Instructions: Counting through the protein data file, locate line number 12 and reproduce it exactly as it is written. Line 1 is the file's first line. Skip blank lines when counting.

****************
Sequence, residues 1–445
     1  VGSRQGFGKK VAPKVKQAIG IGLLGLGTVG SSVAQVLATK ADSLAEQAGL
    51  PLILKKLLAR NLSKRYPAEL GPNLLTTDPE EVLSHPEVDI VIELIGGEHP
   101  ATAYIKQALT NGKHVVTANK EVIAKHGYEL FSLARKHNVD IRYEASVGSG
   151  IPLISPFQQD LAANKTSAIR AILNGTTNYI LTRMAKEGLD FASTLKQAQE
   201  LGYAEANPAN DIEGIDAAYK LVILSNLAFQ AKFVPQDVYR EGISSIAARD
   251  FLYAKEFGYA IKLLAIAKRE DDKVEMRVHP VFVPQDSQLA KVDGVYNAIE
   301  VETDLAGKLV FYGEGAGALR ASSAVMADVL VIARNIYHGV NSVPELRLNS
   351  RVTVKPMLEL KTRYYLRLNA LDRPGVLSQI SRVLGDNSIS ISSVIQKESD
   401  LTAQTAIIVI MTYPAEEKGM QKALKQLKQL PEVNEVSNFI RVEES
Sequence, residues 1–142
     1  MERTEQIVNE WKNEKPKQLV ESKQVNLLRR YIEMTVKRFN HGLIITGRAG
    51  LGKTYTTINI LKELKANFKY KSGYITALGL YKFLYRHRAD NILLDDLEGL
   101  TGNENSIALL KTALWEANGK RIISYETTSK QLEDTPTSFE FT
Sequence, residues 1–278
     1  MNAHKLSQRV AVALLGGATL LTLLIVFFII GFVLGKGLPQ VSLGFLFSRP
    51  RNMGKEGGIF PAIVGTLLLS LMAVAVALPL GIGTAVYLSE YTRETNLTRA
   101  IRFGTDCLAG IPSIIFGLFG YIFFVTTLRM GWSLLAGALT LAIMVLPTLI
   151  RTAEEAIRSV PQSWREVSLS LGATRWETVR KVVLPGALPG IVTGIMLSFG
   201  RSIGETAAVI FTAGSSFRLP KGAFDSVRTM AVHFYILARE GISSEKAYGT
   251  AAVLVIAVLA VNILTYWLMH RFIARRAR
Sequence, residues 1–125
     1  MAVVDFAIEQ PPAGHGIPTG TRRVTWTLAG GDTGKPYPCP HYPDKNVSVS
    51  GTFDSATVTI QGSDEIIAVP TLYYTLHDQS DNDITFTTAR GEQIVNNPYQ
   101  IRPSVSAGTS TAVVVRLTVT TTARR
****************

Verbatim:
     1  MERTEQIVNE WKNEKPKQLV ESKQVNLLRR YIEMTVKRFN HGLIITGRAG